Navigation is an integral part of AI. To reach a target location, various algorithms to find the optimal path and avoid obstacles etc. are used. A player can easily do these things as they can see the game environment, but the AI cannot see in the same sense. The representation of the environment is therefore provided internally to the AI as input and calculations are performed to find out the path to take to reach a target.
Opponent AI needs to be designed so that it is beatable. When faced with a difficult opponent, the player may get frustrated and find it no fun to play the game, additionally, if the AI is perfect and precise, it can appear robotic. So, the AI is deliberately made to make mistakes as a human player would, for example, in a shooting game AI knows the exact location of the opponent but will sometimes take the wrong aim. In racing games, the car AI knows all the optimal routes, but they might be made to go off-route to allow the player to win.
Game designers are responsible for writing documents outlining how the AI will behave and, once the AI is coded, they have many parameters to tune to make it balanced. The design makes sure that the AI is not too hard or not too easy for various difficulty levels and that various parameter are adjusted, for example how fast AI characters move and how much time they take to recover from a blow etc. Once this tuning is done and a major part of the game is complete, user tests are arranged for groups of people who haven’t played the game before and who are preferably in the target audience of the game. These user tests show how well the players perform, how hard or easy they find the game, what areas are confusing or difficult for them and if they enjoy playing the game etc. are noted. Based on the data and feedback, any required modifications are made.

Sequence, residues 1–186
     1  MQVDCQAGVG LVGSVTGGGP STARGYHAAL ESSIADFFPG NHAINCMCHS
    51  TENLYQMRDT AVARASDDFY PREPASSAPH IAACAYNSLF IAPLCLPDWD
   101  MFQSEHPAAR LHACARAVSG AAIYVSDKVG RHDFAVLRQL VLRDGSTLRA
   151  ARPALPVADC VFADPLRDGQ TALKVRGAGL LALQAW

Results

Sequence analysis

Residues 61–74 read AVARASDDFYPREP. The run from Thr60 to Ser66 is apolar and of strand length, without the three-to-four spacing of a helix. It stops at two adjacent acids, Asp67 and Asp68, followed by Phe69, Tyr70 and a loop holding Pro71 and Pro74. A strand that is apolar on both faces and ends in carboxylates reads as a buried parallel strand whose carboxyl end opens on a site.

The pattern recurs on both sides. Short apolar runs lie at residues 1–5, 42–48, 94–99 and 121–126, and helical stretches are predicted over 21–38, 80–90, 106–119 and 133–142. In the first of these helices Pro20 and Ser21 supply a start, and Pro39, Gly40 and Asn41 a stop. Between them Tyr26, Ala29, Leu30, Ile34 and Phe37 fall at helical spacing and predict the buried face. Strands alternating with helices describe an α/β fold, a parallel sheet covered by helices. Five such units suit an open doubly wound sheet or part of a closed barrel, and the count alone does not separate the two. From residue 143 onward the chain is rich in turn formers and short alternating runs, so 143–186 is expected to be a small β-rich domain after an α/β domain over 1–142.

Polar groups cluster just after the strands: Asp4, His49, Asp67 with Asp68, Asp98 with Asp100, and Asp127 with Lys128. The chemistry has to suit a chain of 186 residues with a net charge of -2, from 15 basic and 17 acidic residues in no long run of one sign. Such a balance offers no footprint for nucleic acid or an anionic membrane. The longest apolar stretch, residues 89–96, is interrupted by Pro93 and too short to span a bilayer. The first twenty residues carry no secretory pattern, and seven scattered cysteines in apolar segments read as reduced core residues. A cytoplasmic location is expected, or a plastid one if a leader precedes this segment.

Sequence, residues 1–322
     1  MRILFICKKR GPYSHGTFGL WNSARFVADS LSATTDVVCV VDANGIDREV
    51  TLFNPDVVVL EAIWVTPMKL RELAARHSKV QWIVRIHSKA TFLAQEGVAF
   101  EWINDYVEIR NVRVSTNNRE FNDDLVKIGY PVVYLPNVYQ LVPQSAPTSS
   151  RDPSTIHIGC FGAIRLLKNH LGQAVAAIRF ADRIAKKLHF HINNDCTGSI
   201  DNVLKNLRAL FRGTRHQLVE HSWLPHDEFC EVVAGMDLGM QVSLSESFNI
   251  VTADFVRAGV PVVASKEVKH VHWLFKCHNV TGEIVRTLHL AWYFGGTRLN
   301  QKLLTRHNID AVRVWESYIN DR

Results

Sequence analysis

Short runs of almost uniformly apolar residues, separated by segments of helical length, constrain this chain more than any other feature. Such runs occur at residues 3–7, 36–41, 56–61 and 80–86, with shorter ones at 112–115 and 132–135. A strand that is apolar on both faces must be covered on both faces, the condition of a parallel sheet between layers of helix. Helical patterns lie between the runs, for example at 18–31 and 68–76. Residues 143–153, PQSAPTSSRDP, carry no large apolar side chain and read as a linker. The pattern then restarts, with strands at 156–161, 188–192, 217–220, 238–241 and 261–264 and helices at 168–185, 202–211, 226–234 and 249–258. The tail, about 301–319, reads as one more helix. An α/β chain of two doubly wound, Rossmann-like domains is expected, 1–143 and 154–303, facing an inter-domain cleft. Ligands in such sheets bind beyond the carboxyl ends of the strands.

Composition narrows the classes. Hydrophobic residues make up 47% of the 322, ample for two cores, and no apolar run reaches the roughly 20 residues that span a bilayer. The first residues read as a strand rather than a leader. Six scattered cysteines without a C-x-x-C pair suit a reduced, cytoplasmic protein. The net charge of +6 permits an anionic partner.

AI is something that must undergo a lot of iteration to get right. It has a lot of parts to it and needs to handle a combination of many different use cases and scenarios. Many different people are behind creating the AI in games, including character artists, animators, programmers, designers, production, QA and even end-users.
Machine learning has been identified as a tool that can result in AI characters having emergent and human-like behaviour, for example, an AI learning from its mistakes and adapting to dynamic scenarios. However, this might not always be what is right for a game because this can cause unpredictability and make it difficult to debug and make the AI behave in a required way. Machine learning can also be used to make developing games easier. It can reduce the manpower required in large and complex games by automating pipelines such as parts of game testing and it can be used in the procedural world and content creation. Machine learning in games is not widespread, but with future advances in technology and new research, it has the potential to become a mainstream tool in game development.
Whatever tools and methods are used, the ultimate aim is to bring the non-playable characters in the game to life through AI and give the player an opponent, companion, or adversary to remember.
By Ganesh Chaudhari, Technical Manager at Sumo Digital